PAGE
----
Medical Office Worker

Medical Billing and Coding Job Outlook 2018

Medical billing and coding professionals will continue to be in demand for a multitude of reasons.

According to the Bureau of Labor Statistics, the job outlook for medical billing and coding professionals is expected to grow by 18% between 2020 and 2030.

In comparison to other professions, which are expected to grow at a rate of 7%, this particular career path will be one that continues to be viable moving forward. In total, it is expected that by 2026 there will be 234,100 medical billing and coding jobs compared to 206,300 in 2013.

For prospective medical billers and coders in Sacramento and California, things look even better when examining employment levels and salaries. California employs the highest number of medical billers and coders at 21,900, which is 4,280 more than the next highest state which is Texas. Medical billing and coding salaries in California rank in the top 5 in the United States. On average medical billers and coders in California make $50,260 per year or $24.17 per hour.

Note: The data provided above are from a source unaffiliated with MTI College, are for informational purposes only and represent the employment field as a whole. They are not solely specific to MTI graduates and, by providing the above information, MTI makes no representation, direct or implied, or opinion regarding employability.

There are a couple of reasons for the above-average growth rate and optimistic job outlook for medical billing and coding jobs that we have compiled and listed below:

An aging population will require more medical services.

According to the US Census Bureau, the US population is aging and will be, by 2030, older than it ever has been. By 2030, it is expected that 1 in 5 people living in the United States will be of retirement age. Additionally, by 2035 there will be approximately 1.3 million more people over the age of 65 than people under the age of 18. According to the Health Tracker System, although people aged 55 or higher make up 28% of the population, in 2015 they made up 57% of total healthcare spending. All this to say, as people age, they require an increasing amount of medical services and care which results in a greater demand for medical billers and coders

Growth In Electronic Health Records Usage

As electronic health records (EHR) usage continues to grow, general hospitals, physicians offices, nursing care facilities and more will look for qualified and skilled medical billers and coders to ensure billing and coding is efficient and streamlined. According to Allied Market Research, the electronic health records market is expected to grow by 5% by the year 2023 to $33.2 billion. An increase in technological advancements in the medical field paired with a need to streamline healthcare systems like medical billing contributes to growth in the market as mentioned above.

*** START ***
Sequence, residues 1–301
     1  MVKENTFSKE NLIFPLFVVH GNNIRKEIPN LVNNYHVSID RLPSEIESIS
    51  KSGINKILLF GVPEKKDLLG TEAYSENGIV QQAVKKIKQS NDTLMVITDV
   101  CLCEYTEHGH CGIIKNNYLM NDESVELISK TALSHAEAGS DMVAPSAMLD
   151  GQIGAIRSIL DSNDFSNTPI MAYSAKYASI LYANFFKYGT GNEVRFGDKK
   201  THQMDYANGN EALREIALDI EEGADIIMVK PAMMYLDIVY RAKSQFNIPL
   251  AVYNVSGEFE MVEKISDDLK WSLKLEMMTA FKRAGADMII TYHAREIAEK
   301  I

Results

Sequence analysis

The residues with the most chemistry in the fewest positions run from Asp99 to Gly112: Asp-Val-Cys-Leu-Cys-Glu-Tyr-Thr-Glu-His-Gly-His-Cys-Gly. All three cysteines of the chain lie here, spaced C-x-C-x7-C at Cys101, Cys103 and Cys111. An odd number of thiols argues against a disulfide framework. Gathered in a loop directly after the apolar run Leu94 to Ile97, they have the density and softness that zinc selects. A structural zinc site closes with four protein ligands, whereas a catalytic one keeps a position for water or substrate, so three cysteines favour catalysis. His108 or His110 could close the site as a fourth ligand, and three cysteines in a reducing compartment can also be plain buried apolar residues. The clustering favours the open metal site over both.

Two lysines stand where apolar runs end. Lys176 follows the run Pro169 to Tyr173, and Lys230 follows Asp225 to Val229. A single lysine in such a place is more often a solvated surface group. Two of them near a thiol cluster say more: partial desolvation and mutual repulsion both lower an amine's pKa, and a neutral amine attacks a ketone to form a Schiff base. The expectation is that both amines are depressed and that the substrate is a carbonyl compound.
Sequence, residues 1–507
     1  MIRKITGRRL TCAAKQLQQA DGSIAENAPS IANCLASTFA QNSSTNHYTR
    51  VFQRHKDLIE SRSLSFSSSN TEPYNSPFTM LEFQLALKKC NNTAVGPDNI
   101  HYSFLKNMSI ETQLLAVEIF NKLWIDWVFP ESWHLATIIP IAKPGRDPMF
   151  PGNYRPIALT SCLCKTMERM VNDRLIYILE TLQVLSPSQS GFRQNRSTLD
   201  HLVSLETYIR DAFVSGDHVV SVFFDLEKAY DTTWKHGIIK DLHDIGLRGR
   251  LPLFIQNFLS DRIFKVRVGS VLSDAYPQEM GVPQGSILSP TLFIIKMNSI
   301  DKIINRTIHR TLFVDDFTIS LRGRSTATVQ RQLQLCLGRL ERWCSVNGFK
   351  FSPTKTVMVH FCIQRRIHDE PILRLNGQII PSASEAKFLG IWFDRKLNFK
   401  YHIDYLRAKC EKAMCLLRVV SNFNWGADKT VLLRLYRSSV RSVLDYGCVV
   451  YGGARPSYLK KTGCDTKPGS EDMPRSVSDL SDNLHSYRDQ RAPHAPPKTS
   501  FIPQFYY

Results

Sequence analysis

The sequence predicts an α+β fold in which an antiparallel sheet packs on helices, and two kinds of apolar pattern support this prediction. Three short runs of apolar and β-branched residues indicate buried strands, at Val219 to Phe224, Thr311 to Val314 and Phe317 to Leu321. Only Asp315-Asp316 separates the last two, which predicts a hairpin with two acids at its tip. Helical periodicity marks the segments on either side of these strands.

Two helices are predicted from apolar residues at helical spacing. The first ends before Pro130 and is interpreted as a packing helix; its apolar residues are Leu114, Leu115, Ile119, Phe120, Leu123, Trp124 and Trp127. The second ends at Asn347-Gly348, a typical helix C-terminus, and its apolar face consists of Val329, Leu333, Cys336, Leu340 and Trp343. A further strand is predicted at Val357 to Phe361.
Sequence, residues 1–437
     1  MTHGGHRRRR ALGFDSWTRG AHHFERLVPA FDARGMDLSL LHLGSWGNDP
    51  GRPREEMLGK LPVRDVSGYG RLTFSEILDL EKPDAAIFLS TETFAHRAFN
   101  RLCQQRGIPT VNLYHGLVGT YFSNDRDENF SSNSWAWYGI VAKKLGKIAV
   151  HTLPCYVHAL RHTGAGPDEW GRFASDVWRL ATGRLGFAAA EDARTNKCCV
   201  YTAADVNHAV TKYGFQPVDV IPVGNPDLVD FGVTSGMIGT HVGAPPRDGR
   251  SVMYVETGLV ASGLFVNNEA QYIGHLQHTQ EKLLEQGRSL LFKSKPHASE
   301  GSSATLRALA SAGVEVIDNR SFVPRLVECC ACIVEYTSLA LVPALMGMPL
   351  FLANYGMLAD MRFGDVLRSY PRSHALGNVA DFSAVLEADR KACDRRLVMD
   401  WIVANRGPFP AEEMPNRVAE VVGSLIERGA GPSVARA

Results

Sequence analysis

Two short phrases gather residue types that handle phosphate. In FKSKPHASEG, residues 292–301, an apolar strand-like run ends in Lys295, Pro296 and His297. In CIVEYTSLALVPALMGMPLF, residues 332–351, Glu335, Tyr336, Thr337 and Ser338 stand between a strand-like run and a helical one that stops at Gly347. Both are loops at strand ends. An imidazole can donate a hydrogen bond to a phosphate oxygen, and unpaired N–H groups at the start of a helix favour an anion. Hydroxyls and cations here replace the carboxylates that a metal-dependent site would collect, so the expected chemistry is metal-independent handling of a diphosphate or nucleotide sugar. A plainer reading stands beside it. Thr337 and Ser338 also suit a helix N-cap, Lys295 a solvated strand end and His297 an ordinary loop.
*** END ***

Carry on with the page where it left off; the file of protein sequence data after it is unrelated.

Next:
Doctor & Physician Shortages

As the graduation rate of doctors continues to be an issue in the United States, the shortage of physicians is expected to become an even bigger problem. Currently, less than 25% of newly graduated doctors choose to go into primary care, and of that group, less than 5% locate their practices in rural areas. In addition to a shortage of primary care physicians, there is also a critical shortage in other specialties, such as general surgery. As a result, hospitals and other medical facilities are feeling the strain of having fewer personnel to handle a variety of necessary tasks such as medical coding and billing or medical assisting. To ease the strain on these facilities, many are turning to those people who have received medical billing and coding training to handle the workload.

What kinds of places do medical billers and coders work?

Certified medical billers and coders have a wide variety of options when looking for places to work. In multiple different healthcare contexts, whether it is a hospital or insurance carrier, medical billers and coders are needed to communicate patient histories, diagnosis and more to necessary parties like insurance and healthcare providers. Here is a brief list of the different places certified medical billers and coders can work:

  • General Medical and Surgical Hospitals
  • Physicians Offices
  • Nursing Care Facilities
  • Outpatient Care Centers
  • Office Admin Services
  • Psychiatric and Substance Abuse Hospitals
  • Pharmaceutical and Medicine Manufacturing
  • Scientific, Technical & Development Services
  • Insurance Carriers

With all that being said it remains clear that medical billing and coding is a profession that is here to stay. As the population ages and technology improves the medical industry will rely more and more on these kinds of workers. If medical billing and coding as a career interests you, check out the Medical Assistant Certification program at MTI College in Sacramento.

Want to learn more about MTI’s programs?

Our admissions team will help you find the perfect program to meet your goals. Financial aid is available to those who qualify.

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